I'm guessing if I say "one of those days," you'll know what I mean. One of those days where it feels like you're trying to coordinate troop movements to get out of the house. One of those days when that meeting you were sure was at 2 is actually at 1. One of those days where the car needs a $500 brake job. One of those days where if your head weren't physically attached, it too would be gone (along with your keys, that paper you needed to fax, and your phone).
I think that it's probably safe for me to assume that most of us have had "one of those days." I know that I have. In fact, sometimes "those days" can feel as though they have stretched out to include a week, a month, or more. No matter what you do, it seems like you are always two steps behind. No matter how hard you push, it feels like you're spinning your wheels (and maybe throwing mud everywhere too--one more job to add to the "to do" list).
Today's post is my reminder to you (and me too), that there are ways that you can regain some traction when you're in the middle of "those days." Here are some of the tools that I teach my clients, and use myself, to help make it to firmer footing.
1. Stop spinning your wheels. I don't know about you, but the more overwhelmed I feel, the more likely I am to rush around from task to task. Nothing gets all the way done. Nothing gets done well. Instead of feeling like I'm making progress, I just feel more overwhelmed. So, the first step is to just stop. I know that may feel paradoxical, but unless you can stop and get organized, you're likely to just make a bigger mess. Take a deep breath. Get outside. Move your body. Create a small space (physically and mentally), and use that as your launch point. (For more on creating space, see my post on Pausing.)
2. Let go of what is already gone. By the time you are having "one of those days," several things have already gone wrong. Most of those things are in the past, and you can't do anything about them. So, use your small space to acknowledge any feelings of frustration, hurt, anger, or anxiety. Then let them go. If you need to, it can be helpful to write down what you want to let go of, and then physically let go of the writing (tear it up, etc.). When you free your mind from focusing on what is already gone, there is space to assess your next move.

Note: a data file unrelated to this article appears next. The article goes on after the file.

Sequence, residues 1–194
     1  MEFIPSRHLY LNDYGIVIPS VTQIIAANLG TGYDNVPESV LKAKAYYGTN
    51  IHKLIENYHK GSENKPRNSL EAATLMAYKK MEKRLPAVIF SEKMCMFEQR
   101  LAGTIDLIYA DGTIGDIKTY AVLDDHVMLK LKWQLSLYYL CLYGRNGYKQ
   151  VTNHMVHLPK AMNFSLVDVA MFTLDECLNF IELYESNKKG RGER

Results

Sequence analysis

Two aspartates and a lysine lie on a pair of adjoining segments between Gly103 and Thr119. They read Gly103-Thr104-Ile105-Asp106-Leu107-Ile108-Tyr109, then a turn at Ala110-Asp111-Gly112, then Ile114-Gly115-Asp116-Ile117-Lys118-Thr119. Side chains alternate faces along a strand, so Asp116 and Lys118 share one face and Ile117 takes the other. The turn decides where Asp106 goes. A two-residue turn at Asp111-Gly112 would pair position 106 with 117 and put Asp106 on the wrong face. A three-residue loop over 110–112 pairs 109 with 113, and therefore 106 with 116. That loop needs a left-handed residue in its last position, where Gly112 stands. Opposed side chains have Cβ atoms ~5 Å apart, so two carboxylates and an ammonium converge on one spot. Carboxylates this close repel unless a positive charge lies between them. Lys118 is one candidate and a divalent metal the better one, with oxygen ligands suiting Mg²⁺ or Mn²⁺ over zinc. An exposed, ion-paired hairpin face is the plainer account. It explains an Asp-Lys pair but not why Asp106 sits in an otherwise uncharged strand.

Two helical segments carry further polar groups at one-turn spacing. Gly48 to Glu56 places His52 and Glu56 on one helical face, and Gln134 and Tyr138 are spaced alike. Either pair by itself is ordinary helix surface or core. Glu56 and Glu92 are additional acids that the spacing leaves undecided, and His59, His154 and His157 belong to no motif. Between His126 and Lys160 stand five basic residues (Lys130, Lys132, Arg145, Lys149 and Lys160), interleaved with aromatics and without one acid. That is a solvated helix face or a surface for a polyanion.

3. Identify what you can control. For me, one of the hardest parts of "those days," is the sense that my life has gotten totally out of control. Much of this feeling comes from our tendency to focus on those pieces of the picture that are out of our control. When you shift the focus to what is under your control, that gives you the opportunity to take some productive action. (A hat tip here to Susan Giurleo, who writes about "triaging" tasks). I think a list is helpful for this step as well. Write down as many things as you can that you can actually control (it doesn't matter how small these things are, just include them in the list). Then create a priority system, and begin completing the things that you can control.
4. Focus on something positive. The reason that there are so many books, articles, and online tools that encourage you to identify "what you are grateful for," is that a focus on the good things in your life does help to contribute to a sense of control. On "those days," focusing on what is good, no matter how small those things are, is a good adjunct to the exercise of identifying what you can control. A focus on gratitude also helps you break out of the feeling that "everything is falling apart," which often pops up when we feel overwhelmed.
5. Reach for support. When you're having "those days," it can be easy to isolate yourself. You may feel embarrassed by how out of control you feel, you may not want to "bother" friends or family. Isolation increases the sense that things are awful and will not get better, so one of your best tools to fight back is to share what you're experiencing. Make a phone call, connect online, set up a date to take a walk or get a coffee. If things feel too big to handle with friends and family, call a psychologist. The key is to remind yourself that you don't have to do this alone.
Repeat these steps as often as you need to start to push back against that feeling of being overwhelmed and alone.
Please share your own "traction tools" below, as well!